Technical Details

Methodology for Calculating Health Care Costs Back to the Top

This website displays health care costs for common episodes of care. An episode of care is defined as the combination of all health care services associated with a specific treatment or procedure from beginning to end. Grouping these services and procedures together sheds light on the total cost of care.

DATA SOURCE

This analysis uses data from the Maryland Medical Care Data Base (MCDB), a database run by the Maryland Health Care Commission (MHCC) that contains administrative and claims data on Maryland residents insured through public and private commercial health plans. This database captures information on utilization and payment for health care services rendered in all care settings – including hospitals, physician offices, ambulatory surgery centers, pharmacies, and long term care facilities.

The Wear the Cost website uses utilization and payment data on Maryland’s privately insured population, which was obtained from commercial insurers through MCDB’s quarterly data collection process. Data included in analysis is limited to the data from fully-insured health plans that include medical and pharmacy claims for all enrollees. Next year, the website will be updated to include Maryland’s Medicare population, using data provided by the Centers for Medicare and Medicaid Services (CMS). MHCC will further update the website as more years of data become available, to allow for year-over-year trend analyses.

CALCULATING EPISODES OF CARE

To calculate the episodes of care, MCDB claims data were run through the PROMETHEUS Analytics© tool, an episode grouper developed by HCI3 (now part of Altarum Institute). This tool uses a proprietary algorithm to group procedure and diagnosis codes into comparable buckets, or “episodes of care,” and then calculate the combined costs of these episodes. Using this methodology, average costs per episode were calculated for acute care hospitals in Maryland, and were risk adjusted for patient illness burden.

The methodology identifies facility and professional claims with trigger codes for the episodes, and then determines all episode related costs in a look back and look forward timeframe. Only completed episodes are included in the analysis; consequently, procedures occurring in the last quarter of the calendar year are excluded from the annual analysis. Additionally, the Prometheus grouper also applies guardrail filters when defining the unit of measurement which is a completed episode. These filters are:
Upper and lower age limit – Only episodes for patients within the age limit specified for each episode are included.
Lower and upper episode cost limit – The grouper includes low and high trim points that determine whether an episode is an outlier. Any episode that is below or above the outlier trim points is excluded from the analysis.
Coverage gap – Members with coverage gap are excluded from the analysis and only members that have full coverage are included.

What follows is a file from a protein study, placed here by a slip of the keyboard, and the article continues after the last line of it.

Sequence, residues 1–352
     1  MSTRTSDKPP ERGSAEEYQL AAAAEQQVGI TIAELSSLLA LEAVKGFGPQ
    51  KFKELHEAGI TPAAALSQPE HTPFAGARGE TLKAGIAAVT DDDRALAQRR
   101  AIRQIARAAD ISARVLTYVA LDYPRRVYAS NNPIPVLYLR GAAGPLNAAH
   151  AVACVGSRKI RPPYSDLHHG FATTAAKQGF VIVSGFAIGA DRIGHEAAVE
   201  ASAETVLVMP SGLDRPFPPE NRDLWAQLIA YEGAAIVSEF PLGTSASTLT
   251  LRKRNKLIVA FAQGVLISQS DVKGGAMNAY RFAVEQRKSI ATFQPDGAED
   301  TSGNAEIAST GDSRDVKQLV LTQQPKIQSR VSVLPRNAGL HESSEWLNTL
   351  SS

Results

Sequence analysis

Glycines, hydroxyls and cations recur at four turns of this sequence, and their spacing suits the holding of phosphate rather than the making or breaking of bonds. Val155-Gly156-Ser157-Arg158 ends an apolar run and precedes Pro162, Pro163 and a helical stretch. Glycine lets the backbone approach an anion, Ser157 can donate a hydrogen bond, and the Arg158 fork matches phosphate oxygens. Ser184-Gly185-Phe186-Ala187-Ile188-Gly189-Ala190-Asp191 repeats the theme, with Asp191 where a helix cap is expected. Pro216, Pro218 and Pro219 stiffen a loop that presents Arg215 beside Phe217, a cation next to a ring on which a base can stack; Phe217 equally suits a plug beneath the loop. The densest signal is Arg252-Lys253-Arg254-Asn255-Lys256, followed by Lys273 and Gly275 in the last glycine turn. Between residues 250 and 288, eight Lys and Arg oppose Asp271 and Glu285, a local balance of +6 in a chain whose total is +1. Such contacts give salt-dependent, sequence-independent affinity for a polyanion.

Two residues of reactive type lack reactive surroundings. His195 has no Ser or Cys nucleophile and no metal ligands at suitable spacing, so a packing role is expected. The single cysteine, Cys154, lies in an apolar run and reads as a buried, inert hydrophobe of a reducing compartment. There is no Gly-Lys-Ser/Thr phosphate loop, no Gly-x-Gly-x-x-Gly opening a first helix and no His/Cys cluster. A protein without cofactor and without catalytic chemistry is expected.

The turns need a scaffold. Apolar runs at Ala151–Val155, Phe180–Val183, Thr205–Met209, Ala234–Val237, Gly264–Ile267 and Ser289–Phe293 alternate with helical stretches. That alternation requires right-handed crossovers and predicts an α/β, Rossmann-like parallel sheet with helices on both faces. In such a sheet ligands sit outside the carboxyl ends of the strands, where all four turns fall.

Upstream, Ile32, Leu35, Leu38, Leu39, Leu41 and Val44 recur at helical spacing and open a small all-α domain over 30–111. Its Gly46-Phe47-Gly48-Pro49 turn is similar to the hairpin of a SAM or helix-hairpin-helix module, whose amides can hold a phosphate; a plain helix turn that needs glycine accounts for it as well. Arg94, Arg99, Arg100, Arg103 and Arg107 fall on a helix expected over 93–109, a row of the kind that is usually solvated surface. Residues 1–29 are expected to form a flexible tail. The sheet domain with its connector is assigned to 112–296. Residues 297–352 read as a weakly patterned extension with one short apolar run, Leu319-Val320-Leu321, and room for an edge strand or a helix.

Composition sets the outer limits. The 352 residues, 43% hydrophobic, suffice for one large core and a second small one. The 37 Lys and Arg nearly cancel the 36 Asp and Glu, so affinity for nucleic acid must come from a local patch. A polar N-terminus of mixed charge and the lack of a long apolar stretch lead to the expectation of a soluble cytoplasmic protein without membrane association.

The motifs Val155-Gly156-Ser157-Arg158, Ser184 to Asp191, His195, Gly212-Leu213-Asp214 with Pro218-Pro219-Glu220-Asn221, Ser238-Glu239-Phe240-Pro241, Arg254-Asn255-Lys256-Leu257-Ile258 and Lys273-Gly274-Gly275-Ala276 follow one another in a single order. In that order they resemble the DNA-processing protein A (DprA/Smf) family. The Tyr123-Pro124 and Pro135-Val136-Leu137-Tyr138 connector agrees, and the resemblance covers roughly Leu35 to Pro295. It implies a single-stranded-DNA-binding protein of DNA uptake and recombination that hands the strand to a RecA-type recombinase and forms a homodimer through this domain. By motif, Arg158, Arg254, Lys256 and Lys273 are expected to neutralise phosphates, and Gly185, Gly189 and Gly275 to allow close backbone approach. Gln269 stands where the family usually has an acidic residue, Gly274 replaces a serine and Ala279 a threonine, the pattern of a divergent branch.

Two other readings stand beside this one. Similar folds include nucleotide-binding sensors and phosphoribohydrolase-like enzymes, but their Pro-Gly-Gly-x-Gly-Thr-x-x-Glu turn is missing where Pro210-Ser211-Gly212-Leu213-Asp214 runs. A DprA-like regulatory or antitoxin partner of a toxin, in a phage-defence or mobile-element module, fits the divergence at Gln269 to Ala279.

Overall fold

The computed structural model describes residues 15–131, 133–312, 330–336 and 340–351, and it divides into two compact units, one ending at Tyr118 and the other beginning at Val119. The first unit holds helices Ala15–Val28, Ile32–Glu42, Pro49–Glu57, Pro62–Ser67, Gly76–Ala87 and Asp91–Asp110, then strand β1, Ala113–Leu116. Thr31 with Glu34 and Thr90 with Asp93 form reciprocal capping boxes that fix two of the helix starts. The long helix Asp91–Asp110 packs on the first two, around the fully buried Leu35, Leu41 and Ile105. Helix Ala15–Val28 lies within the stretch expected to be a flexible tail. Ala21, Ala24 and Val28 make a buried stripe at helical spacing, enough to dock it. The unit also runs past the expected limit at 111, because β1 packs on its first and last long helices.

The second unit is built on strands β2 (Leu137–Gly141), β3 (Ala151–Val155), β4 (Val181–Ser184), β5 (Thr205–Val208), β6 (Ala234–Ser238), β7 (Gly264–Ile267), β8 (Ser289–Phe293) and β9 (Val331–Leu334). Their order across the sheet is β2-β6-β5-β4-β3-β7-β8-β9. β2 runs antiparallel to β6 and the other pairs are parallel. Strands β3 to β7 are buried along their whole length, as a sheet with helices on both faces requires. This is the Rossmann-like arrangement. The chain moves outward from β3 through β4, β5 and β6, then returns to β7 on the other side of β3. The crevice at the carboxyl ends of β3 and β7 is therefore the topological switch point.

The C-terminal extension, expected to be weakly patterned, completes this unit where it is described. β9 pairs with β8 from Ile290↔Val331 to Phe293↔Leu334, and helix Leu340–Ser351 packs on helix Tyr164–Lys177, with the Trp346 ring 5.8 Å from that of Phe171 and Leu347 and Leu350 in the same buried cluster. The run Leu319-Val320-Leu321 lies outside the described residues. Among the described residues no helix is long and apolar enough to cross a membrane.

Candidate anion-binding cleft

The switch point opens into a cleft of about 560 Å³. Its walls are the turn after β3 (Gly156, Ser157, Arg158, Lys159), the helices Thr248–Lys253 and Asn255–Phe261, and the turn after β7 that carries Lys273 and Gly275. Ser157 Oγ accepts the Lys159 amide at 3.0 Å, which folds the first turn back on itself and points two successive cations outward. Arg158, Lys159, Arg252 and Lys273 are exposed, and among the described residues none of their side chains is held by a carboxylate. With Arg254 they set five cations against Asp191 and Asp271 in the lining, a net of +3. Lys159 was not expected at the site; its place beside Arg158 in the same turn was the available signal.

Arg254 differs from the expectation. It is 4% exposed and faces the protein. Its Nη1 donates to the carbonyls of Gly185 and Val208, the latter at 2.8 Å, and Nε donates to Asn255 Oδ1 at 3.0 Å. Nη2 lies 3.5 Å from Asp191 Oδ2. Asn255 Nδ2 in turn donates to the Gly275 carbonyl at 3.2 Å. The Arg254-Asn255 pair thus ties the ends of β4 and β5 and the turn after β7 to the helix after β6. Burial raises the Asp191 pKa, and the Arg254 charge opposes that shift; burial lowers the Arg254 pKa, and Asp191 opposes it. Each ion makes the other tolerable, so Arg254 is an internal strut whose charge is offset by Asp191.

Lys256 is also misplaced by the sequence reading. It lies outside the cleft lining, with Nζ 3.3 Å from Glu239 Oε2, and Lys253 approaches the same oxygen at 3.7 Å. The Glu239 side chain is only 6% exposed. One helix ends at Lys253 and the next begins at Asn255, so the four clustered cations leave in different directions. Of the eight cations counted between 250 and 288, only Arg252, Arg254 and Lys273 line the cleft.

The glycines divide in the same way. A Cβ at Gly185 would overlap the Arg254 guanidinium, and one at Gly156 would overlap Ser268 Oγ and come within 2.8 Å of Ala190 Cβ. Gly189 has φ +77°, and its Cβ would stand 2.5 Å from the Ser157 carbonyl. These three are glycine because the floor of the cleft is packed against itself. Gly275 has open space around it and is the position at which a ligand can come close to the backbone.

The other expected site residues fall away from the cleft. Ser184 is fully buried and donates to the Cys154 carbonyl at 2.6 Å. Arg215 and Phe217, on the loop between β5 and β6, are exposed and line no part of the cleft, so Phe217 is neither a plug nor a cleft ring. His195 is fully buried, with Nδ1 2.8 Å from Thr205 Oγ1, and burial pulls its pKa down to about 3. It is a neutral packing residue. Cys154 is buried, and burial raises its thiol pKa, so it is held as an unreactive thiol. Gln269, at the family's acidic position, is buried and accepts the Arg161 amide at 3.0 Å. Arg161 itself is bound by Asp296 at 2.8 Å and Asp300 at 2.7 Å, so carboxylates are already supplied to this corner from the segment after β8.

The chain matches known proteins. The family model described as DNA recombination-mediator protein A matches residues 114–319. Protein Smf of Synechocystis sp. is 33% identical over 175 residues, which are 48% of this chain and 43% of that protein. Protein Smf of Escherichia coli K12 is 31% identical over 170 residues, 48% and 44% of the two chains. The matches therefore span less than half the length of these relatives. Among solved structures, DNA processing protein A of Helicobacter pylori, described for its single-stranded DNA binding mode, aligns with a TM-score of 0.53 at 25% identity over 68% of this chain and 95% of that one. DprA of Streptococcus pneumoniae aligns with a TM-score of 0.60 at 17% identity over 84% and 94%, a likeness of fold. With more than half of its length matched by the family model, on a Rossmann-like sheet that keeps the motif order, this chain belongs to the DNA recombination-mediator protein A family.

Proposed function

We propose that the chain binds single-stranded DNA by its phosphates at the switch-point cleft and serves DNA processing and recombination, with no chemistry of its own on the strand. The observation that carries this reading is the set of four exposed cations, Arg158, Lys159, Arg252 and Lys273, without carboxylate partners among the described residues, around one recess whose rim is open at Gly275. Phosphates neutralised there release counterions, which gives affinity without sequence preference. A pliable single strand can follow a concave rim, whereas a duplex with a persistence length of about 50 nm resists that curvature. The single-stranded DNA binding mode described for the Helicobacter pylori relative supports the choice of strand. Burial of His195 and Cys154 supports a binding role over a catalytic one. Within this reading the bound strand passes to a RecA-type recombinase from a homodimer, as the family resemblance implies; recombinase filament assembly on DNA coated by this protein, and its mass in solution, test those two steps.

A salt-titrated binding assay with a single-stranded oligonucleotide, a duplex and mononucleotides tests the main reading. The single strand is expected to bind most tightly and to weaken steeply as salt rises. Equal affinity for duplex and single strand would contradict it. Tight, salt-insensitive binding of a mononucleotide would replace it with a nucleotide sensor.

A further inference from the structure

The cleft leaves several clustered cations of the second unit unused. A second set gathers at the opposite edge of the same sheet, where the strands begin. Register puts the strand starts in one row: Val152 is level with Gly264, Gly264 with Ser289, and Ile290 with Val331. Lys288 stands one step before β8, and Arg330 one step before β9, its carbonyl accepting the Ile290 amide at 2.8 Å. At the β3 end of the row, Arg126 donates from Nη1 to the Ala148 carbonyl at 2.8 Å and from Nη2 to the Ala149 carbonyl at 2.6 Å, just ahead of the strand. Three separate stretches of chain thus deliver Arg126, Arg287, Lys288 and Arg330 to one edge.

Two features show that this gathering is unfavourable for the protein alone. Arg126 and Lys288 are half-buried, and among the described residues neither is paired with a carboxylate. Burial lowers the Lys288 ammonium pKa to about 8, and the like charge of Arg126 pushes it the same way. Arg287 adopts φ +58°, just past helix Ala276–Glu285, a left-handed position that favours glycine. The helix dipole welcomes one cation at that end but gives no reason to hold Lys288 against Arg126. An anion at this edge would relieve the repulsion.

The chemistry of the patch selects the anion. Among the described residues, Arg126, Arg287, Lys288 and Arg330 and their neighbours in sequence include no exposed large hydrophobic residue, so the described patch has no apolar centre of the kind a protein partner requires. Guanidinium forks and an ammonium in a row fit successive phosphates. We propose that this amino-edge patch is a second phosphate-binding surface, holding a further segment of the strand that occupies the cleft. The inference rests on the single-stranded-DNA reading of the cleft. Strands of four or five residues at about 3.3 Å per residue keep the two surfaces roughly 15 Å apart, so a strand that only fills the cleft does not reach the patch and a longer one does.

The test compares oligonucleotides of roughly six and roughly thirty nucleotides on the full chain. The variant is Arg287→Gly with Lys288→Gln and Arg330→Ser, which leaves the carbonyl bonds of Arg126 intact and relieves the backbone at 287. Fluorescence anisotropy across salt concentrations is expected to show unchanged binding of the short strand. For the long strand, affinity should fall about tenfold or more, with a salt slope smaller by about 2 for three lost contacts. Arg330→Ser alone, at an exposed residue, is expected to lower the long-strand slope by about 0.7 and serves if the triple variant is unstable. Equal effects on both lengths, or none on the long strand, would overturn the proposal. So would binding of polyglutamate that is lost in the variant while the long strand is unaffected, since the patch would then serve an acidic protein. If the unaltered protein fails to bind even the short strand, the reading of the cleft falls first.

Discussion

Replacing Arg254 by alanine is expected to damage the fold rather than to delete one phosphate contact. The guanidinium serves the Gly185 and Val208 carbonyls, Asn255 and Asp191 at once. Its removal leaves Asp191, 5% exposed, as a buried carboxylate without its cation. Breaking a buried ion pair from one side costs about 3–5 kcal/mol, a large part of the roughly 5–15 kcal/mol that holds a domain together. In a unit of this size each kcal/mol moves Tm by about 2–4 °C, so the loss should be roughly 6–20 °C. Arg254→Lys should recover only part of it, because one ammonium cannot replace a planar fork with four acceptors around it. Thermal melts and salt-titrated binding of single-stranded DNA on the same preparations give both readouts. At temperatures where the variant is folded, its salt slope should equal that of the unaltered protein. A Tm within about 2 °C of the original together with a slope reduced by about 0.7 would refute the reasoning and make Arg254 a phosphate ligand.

Orphan Episodes – Only episodes that are attributable are included. This means episodes that do not have a facility claim either inpatient or outpatient are excluded as orphan episode.

The cost is calculated using the allowed amounts for all services related to the episode, including prescription drugs. Only services relevant to the episode are included. Risk-adjustment is done using multi-part regression models based on patient demographics, historical risk factors, and episode severity, with separate models for typical and potentially avoidable complications. Results of the Maryland analysis were benchmarked by Altarum against results they have from the neighboring states of Pennsylvania and New Jersey, and were found to be similar.

IDENTIFYING POTENTIALLY AVOIDABLE COMPLICATIONS (PACS)

Episode costs were divided into two categories: those related to expected components of a patient’s care (such as office visits, physician consultation and follow-up, surgery, and physical therapy), and those that were due to potentially avoidable complications (PACs). PACs were defined as events that could harm patients and that could be avoided – such as those due to guidelines not put into practice or followed, mistakes made in the clinical setting, and other system failures. Episode costs for expected care and for PACs were then compared across Maryland hospitals to shed light on key differences in cost and quality.

VERIFYING THE DATA QUALITY

MHCC employed a multi-step approach to ensuring data quality for this analysis. Claims data in MCDB was subject to several levels of data quality testing, both upon initial receipt from data submitters and on an ongoing basis. In addition, episode of care calculations run through the PROMETHEUS Analytics tool were carefully checked by staff from MHCC and its analytic vendors. Finally, MHCC shared episode cost calculations and data displays with each hospital prior to publishing its findings, and gave them the opportunity to provide feedback. These data quality standards and practices help to ensure that the information on this website is valid and credible.

Technical Resources Back to the Top

Additional technical information on the methodology for grouping and analyzing episodes of care is available on Altarum’s website at the links below:

For questions related to the methodology, please contact us.